File photo: Sharada temple in Jammu and Kashmir's Bandipora. Photograph:( WION )
Former chief minister of J&K Mehbooba Mufti has also raised the issue with Prime Minister Narendra Modi to consider the opening of a Kartarpur-type corridor for the Kashmiri Pandits.
With the opening of the Kartarpur corridor, the chorus is growing on the opening of Sharada Peeth, an important temple across the Line of Control in Pakistan occupied Kashmir, which has been out of bounds since the partition.
Bhushan Lal looks out of his window from his house in the old city of Srinagar, the summer capital of Indian state of Jammu and Kashmir. Lal is among a small minority of Kashmiri Pandits who never left the valley when Pakistan-backed terrorists targeted their community.
Lal, like many others, dreams to go for pilgrimage to Sharada Peeth which is an important temple across the Line of Control in Pakistan occupied Kashmir. Sharada Peeth is back in focus after the opening of Kartarpur corridor for Sikh pilgrims.
His hopes have gained momentum after Pakistan Prime Minister Imran Khan has been quoted by newspapers as saying that his government "can consider other proposals including opening up travel for the Sharada Peeth in Kashmir."
"This is a very good step, it actually means a lot for us. What Sidhu did for Sikhs, we are demanding the same for us. We have been trying this for a long time, even Mufti Syed, tried to open the route. If this happens, I will go with my entire family," Lal said while preparing to leave for his daily work.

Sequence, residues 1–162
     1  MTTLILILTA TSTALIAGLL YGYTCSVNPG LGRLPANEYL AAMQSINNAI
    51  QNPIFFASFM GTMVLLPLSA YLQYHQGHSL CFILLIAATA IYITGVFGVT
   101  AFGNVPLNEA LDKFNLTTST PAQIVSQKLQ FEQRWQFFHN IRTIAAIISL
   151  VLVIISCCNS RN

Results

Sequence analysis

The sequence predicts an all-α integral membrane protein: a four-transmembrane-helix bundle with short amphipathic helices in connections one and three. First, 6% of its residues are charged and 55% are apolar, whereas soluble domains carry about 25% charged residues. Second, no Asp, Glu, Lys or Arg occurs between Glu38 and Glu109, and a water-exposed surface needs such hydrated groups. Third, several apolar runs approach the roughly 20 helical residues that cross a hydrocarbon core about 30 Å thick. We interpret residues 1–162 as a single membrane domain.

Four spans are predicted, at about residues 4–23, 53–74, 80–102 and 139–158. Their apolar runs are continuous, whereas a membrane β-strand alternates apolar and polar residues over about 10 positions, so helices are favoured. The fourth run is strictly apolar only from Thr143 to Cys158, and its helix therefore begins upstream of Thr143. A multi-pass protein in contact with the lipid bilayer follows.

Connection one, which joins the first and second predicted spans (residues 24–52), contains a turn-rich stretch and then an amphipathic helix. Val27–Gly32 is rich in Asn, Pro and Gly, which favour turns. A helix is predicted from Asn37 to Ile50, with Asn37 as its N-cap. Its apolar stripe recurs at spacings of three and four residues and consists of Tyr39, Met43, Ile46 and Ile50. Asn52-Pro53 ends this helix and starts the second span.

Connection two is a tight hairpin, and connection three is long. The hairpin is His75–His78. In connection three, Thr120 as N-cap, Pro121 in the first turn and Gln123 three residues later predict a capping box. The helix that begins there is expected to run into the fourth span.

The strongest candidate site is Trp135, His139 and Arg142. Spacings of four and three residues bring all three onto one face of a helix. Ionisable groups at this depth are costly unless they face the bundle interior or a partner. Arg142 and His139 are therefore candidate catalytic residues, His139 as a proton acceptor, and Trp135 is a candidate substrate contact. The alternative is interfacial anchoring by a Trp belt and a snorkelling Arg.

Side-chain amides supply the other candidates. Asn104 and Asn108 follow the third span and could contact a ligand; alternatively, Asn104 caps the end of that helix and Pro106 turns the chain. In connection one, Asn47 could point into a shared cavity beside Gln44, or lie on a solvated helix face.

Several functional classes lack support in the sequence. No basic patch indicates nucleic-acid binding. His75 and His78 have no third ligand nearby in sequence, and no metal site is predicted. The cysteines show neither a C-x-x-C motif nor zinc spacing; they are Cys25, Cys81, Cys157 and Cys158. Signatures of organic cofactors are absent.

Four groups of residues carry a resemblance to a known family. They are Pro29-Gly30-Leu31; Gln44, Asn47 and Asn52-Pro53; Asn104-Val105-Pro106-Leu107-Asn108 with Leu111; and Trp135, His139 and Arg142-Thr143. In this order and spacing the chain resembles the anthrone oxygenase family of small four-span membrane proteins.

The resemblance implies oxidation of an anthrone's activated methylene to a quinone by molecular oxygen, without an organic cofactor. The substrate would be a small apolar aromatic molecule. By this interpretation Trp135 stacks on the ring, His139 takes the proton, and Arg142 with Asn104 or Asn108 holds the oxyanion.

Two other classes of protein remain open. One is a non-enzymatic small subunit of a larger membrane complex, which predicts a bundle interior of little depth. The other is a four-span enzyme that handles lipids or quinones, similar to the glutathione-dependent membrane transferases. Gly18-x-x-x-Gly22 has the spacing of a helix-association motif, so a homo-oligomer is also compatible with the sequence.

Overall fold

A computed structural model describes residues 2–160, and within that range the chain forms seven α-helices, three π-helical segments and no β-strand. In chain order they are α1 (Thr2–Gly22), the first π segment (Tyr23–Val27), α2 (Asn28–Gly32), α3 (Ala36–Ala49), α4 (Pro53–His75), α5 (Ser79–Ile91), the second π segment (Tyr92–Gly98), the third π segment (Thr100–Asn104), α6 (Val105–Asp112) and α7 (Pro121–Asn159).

Since the partition of India, the temple has been out of bounds for Indian pilgrims. Lal has met several political leaders to press for the reopening of the ancient temple, but all in vain.
Now former chief minister of J&K Mehbooba Mufti has raised the issue with Prime Minister Narendra Modi by writing a letter to consider the opening of a Kartarpur-type corridor for the Kashmiri Pandits.
Sharada Peeth translates to "the seat of Sharada," the Kashmiri name for the Hindu goddess Saraswati. The temple is located in a small village about 160 kilometres from Muzaffarabad along the Neelam River in the village of Sharda.
Away from Srinagar, almost 70 kilometres to the north in Bandipora district, four Kashmiri Pandit families take care of a small Shardada temple. The bells don't ring regularly here. Locals believe the place to be a temporary resting place of goddess Sharada when she came from Pakistan occupied Kashmir.
Here these families also echo the same wish. Moti Lal Bhat is 86-year-old now, his wish is to visit the original Sharada temple has faded with time. Bhat says the local temple is sacred for not only the Hindu community but also to the local Muslim population.
"I am old now, I don't know if I will be able to go there but those after me should get an opportunity to visit the sacred temple," Bhat says while sitting in corner of a room having walls made of mud.
Save Sharada Committee has been pushing long for their demand to open the route through Muzaffarabad, so far it has fallen on deaf ears.